Clare Island lies at the entrance to Clew Bay in Co. Mayo some 5 km from the mainland. The island has a diverse geology with Dalradin sandstone and shale, carboniferous sandstone, shales and conglomerates and a variety of Silurian rocks.
Much of the low-lying ground is covered by boulder clay and locally derived glacial drift. The dominating feature of the island is a ridge that runs east to west, attaining a height of 462 metres at Knockmore and forming precipitous sea cliffs along the north western shore.
Clare Island was the subject of a major biological survey from 1909-19011, under the direction of Robert Lloyd Praeger. The data collected represents the most comprehensive inventory of nature and habitation in a single geographical location during the early part of the century, and made Clare Island a unique site for further study. The New Survey Of Clare Island was commissioned in 1991 to revisit the island with the overall aim of assessing the changes to the environment and life on the island and make comparisons between results today and data generated from the original survey. The New Survey is divided into five Sections: Archaeology, History and Culture, Botany, Geology and Zoology.
Clare Island is one of the top seabird sites in the country, having nationally important populations of eight species, including the largest population of Fulmar in the country. It is also of note for the diversity of breeding seabirds, with 13 species breeding regularly. The site also has a nationally important population of Chough and contains nesting Peregrine with both species listed on Annex I of the E.U. Birds Directive.
The island also has nationally important populations of Shag, Common Gull, Great Black-backed Gull, Kittiwake, Guillemot, Razorbill and Black Guillemot. Whilst the Gannet colony has not grown to any extent since its establishment in the 1970s, it is still of significance in that it is one of only five in Ireland and the only colony on the west coast.
Other breeding species include Puffin, Cormorant, Lesser Black-backed Gull and Herring Gull. The Cormorant colony has only become established in recent years.
Herring Gull numbers, however, have decreased dramatically since 1982, reflecting a trend that has occurred throughout the country.
Clare Island is an important stronghold for Chough. The birds nest on the cliffs and studies have shown that Chough forage mainly within 300 metres of the coast. The island is a traditional nesting site for Peregrine with at least one pair present in most years.
|Lesser Black-Backed Gull||Cormorant|
The sea cliffs of the northern coastline consist of vertical precipices alternating with steep grassy slopes and huge blocks of rock. The cliffs are well vegetated, with grasses and herbs such as Harebell, Tormentil and Red Fescue found.
On the upper cliffs there is a concentration of alpine vegetation, which is species rich and includes a number of rarities. Along the tip of the lower cliffs is a plantain sward which is low growing vegetation dominated by Plantains (Plantago Coronopus and Plantago Maritima). There is a concentration of alpine vegetation on the upper ranges of the cliffs.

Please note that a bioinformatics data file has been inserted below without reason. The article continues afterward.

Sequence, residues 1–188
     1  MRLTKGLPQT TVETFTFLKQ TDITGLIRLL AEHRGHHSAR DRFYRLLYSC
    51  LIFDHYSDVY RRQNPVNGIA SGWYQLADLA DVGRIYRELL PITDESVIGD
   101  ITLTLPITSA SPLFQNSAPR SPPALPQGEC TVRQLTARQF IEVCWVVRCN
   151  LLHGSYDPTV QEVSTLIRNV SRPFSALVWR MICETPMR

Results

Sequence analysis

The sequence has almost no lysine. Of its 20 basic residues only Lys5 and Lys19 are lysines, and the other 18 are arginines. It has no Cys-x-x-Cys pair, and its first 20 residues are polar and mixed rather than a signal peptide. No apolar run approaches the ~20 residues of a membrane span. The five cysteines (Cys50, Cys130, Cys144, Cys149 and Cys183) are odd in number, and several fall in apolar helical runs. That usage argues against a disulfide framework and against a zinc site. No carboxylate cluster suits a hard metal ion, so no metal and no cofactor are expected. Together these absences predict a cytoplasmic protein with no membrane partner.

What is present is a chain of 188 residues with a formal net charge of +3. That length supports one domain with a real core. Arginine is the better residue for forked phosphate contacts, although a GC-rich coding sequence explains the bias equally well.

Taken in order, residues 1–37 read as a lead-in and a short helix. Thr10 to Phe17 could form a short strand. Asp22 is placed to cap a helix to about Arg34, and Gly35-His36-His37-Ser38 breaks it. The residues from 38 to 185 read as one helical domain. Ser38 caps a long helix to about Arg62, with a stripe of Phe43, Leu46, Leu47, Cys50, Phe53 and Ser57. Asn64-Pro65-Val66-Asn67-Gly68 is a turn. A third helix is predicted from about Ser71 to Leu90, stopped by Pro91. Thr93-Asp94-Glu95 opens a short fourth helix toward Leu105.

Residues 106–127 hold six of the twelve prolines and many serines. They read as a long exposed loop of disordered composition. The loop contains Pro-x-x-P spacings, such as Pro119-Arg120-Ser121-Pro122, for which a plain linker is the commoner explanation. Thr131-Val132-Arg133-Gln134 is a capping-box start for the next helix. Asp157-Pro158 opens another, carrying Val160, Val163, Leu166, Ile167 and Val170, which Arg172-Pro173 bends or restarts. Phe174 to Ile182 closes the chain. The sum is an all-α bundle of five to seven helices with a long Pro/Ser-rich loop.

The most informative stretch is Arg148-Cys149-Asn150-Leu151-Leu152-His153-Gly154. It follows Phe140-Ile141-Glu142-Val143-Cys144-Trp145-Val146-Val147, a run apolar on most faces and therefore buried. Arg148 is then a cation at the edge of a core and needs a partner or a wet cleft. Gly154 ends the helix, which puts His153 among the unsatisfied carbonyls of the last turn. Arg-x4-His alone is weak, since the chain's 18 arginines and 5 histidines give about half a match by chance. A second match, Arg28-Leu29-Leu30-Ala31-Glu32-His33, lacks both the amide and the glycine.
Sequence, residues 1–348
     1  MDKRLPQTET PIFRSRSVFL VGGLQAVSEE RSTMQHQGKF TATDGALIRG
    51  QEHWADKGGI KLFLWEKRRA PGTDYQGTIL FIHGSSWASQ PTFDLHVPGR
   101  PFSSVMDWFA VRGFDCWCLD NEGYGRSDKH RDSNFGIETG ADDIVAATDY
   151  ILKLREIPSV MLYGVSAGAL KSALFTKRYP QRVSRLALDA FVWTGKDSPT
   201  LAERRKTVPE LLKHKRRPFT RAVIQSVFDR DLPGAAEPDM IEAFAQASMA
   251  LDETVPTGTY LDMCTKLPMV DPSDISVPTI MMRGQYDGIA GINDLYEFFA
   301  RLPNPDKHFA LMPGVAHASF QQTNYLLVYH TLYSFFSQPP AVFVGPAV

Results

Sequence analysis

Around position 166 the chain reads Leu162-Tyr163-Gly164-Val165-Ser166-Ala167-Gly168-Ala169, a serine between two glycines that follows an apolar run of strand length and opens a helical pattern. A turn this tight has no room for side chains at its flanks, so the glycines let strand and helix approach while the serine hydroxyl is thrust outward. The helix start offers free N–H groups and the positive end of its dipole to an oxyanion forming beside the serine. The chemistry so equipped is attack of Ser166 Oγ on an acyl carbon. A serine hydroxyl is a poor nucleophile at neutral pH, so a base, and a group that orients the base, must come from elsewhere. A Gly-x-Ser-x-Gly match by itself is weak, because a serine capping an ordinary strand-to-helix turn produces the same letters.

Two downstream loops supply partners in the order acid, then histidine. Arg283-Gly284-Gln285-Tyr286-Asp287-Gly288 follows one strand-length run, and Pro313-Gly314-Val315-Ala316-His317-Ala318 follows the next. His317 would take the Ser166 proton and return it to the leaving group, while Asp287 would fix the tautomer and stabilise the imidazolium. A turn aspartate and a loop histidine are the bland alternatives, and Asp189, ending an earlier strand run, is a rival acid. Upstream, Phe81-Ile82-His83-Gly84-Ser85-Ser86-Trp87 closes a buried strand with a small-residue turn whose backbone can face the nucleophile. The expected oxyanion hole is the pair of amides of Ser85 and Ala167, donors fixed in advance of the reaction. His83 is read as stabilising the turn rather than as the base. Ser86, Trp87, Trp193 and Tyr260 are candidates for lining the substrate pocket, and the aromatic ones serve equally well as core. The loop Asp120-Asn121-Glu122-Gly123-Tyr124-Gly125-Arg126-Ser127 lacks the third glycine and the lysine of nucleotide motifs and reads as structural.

Three small lakes are seen in the saddle between Knocknaveen and Knockmore. Another lake, Lough Avullin towards the east of the site, appears to have been drained and is dominated by Common Reed. Agricultural land is located along the southern shore. Pockets of peat are associated with river sources. There is a single sandy beach with low sand dunes at the harbour and there is a small area of saltmarsh further north – east at Kinnincorra. A rocky shore is present along this southern coast with very small boulder beaches. Along the coast west-north west edge the rocks are replaced by very steep cliffs already mentioned. The boundary of the site at this steep cliff extends 500m into the sea.
Clare is an island steeped in atmosphere of the past, mainly due to associations with the great maritime clan of O’ Malley and the great sea captain and pirate Grace O’ Malley, known in Irish annals as Granuaile. The O’ Malley Clan were custodians of the coast from Galway Bay to Donegal Bay. They guarded their territorial waters jealously. After the death of Granuaile in or around 1601 Clare Island passed out of O’ Malley domination to be held for the first time by Ulick Burke, Earl of Clanrickard. Later in the seventeenth century it was confiscated by the crown and granted to an English adventurer who sold the island to O’ Malley of Belclare. Clare Island remained in O’ Malley ownership until the nineteenth century when Sir Samuel O’ Malley mortgaged it to a London Insurance Company. The last private proprietor sold it to the Congested Districts Board which had been established in 1891 to alleviate poverty and congested living conditions in the west ofIreland.
A variety of historic sites are located throughout Clare Island. A megalithic tomb, ten promontory forts, Iron Age huts and field systems, over 45 Fulachta Fiadh (bronze-age cookery sites) are all readily accessible on the island.
The island is famous for the Carmelite Abbey located on the south of the island. It was founded in the thirteenth century as a cell of Knockmoy, Co. Galway. The present building dates from the fifteenth century and comprises a chancel, nave and sacristy. There is also the Granuaile Castle which occupies an elevated promontory to the south of the harbour. In the early nineteenth century Sir Samuel O’ Malley had the building renovated for use by the coastguard.
Clare Island Beach Legend Map
Mayo County Council
Phone: (094) 9024444
Open: 9:00 a.m. to 1:00 p.m. and 2:00 p.m. to 5:00 p.m.